Team Nova Scotia on the Kiva microcredit website reaches a milestone this week. Through Kiva, people lend funds to microcredit organizations worldwide who in turn lend to entrepreneurs in Mali or Kenya or Guatemala to expand their businesses--- like buying a proper barber's chair, or fabric to sew or seeds to farm. This week, for example, Samila in Tajikistan received a $25 loan from Cindy and Lee of Dartmouth to buy fabric. A woman named Bahati in Kenya got $25 from James in Milford Station to buy wholesale cashews she will resell. Mrs. Tuan in Vietnam got $25 from Edward in Halifax toward launching her internet cafe. These are business and personal loans that will be paid back monthly, often 50 cents or a dollar at a time. That, in short, is microcredit.
Kiva encourages lenders to be part of teams, and Team Nova Scotia was launched by Darryl of New Glasgow at the end of 2007. Since then, the team has swelled to 118 members, from every part of the province, many from HRM. This week, Team Nova Scotia will reach the milestone of having made $100,000 in microloans since its inception.
This impressive amount is a drop in the bucket of global microcredit. Team Nova Scotia is a small team. There's also Team Canada, which has surpassed $4.2 million in microloans through Kiva. Belgium, Norway, Australia and New York all have teams. But microcredit teams aren't necessarily geographically linked---the largest team is comprised of "atheists, agnostics, skeptics, freethinkers, secular humanists and the non-religious" who have collectively loaned over $16 million. Perhaps unsurprisingly, the second-largest team is Christians, who have loaned nearly $12 million. There's an LGBT team, and a team for women funding women. There are teams for "guys holding fish" whose commonality is that they upload photos of themselves holding fish, and a team of "nerdfighters" whose aim is to "decrease world suck." In other words, no matter how you self-identify, there's a microcredit team for you.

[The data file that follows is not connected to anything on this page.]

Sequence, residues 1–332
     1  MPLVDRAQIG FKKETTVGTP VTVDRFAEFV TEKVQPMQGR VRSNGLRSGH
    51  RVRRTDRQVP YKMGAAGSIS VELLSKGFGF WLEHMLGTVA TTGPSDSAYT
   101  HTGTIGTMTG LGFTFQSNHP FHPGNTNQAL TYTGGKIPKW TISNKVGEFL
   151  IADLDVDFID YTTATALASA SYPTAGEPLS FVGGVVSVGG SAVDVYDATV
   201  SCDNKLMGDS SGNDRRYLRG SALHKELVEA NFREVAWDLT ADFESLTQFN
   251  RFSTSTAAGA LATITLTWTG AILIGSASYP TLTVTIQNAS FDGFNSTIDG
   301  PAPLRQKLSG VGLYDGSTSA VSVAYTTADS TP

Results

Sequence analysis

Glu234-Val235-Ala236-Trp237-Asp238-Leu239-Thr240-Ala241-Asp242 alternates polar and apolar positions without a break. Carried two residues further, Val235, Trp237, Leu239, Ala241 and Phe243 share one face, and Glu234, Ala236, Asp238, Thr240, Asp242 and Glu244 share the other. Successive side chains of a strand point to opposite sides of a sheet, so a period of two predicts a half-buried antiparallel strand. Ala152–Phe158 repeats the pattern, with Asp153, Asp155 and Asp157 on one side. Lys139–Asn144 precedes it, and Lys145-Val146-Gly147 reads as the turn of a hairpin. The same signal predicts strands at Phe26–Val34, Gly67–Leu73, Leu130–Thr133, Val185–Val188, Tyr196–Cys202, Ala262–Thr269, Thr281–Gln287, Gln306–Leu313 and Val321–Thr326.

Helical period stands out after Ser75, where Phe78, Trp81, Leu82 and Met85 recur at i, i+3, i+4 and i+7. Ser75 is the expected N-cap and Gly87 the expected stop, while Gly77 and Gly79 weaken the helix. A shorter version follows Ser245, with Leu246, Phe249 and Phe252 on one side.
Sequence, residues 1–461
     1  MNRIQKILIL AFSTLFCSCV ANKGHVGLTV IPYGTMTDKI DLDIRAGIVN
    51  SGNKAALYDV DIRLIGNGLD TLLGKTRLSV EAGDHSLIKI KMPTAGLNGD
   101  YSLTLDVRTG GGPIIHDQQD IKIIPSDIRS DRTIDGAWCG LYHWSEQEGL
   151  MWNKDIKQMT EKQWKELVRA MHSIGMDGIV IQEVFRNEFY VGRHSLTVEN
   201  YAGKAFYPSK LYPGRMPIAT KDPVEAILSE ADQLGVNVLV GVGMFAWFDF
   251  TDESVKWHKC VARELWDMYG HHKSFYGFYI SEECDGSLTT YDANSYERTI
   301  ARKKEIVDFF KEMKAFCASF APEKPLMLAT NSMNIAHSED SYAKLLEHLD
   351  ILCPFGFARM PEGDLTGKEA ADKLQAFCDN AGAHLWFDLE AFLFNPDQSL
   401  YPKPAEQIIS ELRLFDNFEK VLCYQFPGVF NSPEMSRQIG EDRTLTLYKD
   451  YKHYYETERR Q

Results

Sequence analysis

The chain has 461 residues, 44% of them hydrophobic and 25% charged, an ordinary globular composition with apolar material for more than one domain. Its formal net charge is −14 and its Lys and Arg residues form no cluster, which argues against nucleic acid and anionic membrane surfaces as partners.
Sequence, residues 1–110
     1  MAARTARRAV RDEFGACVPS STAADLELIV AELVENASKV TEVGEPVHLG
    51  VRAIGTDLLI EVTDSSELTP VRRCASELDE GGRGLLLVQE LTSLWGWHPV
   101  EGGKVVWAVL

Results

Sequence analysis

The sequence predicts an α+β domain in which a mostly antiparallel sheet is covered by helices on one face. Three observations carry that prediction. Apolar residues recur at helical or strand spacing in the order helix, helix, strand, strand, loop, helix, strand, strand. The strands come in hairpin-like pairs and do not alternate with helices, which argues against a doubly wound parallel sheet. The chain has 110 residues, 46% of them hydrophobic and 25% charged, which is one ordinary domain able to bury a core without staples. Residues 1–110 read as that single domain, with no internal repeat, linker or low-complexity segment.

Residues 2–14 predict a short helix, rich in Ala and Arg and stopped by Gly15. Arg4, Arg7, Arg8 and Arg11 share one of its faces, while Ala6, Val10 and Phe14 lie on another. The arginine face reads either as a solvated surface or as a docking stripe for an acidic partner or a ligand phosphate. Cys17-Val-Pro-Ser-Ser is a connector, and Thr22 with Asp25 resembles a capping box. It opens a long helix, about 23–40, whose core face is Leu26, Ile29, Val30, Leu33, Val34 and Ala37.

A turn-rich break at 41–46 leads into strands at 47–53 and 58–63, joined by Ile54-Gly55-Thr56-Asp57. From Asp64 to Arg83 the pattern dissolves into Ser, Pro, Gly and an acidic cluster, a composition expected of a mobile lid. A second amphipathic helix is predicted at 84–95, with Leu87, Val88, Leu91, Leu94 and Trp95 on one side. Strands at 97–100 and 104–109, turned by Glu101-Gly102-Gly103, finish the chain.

Of course, teams just make you feel like you're part of a social movement. Team NS members don't know each other personally, but are able to track each other's loans and chip in together. These virtual friendships are an extension of the primary virtual relationship, between the lender and the borrower. Lenders take an interest in the aspirations, dreams and goals of the people borrowing their 25 bucks.
For example, Seyma is a 21-year-old student in Prey Veng Province, Cambodia, who needed money to pay university tuition. Unlike a Canadian student, Seyma couldn't go to a bank for a loan, but he could ask for help from a microcredit organization in his area. Tom from Bedford empathized with Seyma's desire to attend university and loaned him $25 to do so. So did Jessica from Pittsburg, Luiz from Sao Paulo and dozens more lenders from wealthy nations, until Seyma accrued the $1,500 he needed to go to university. Seyma will pay that amount back over 75 months.
According to several sources, female entrepreneurs receive 75 percent of microfinance loans. Critics in the past pointed out that certain microcredit banks charged interest rates that would make Canadian borrowers balk, potentially leading to a cycle of indebtedness, but microcredit organizations like Kiva addressed the issue by allowing lenders to see the interest rate and terms between the borrower and their microbank. Of course, microcredit supporters counter that the cycle of indebtedness is exactly how Canadians live our lives, and how we developed our wealth.
Every day, individuals in Nova Scotia are investing in the work and aspirations of people in developing countries. Why do they do it? Some are contemplative, like Brian of Stillwater Lake, who says, "I hope it is the right thing to do." Others are more confident. Shelagh, an artist in Halifax, says she makes loans because "when you help someone else, you help yourself. We are all in this together." Forest, an oyster factory worker, thinks his extra funds "would benefit others much more than it would benefit me." Graham of St. Margaret's Bay answers: "Microfinance just makes sense. Plus, even as a student, I have enough to make a difference, so why wouldn't I?"
Thom Fitzgerald is a Halifax-based writer, director and producer of film, television and theatre, as well as an arts administrator.